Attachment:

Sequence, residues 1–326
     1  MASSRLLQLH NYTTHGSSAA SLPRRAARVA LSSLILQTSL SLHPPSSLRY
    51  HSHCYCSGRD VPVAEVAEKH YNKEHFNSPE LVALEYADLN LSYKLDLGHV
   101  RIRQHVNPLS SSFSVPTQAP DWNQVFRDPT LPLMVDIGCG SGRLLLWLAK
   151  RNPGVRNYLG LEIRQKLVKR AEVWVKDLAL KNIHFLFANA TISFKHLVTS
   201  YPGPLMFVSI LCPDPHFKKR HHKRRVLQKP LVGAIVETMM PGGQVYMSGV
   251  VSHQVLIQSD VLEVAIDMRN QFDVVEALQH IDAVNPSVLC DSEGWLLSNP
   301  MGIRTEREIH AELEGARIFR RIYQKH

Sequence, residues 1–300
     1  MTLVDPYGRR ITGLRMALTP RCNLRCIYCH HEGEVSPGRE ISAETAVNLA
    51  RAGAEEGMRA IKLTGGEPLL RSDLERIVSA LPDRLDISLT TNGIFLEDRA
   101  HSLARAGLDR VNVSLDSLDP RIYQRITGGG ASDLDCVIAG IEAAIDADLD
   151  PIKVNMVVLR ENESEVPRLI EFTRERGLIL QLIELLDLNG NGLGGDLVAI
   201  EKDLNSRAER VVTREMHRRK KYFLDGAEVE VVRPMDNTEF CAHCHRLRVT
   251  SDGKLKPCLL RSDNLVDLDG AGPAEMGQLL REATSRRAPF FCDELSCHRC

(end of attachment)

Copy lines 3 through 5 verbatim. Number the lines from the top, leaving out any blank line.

    51  HSHCYCSGRD VPVAEVAEKH YNKEHFNSPE LVALEYADLN LSYKLDLGHV
   101  RIRQHVNPLS SSFSVPTQAP DWNQVFRDPT LPLMVDIGCG SGRLLLWLAK
   151  RNPGVRNYLG LEIRQKLVKR AEVWVKDLAL KNIHFLFANA TISFKHLVTS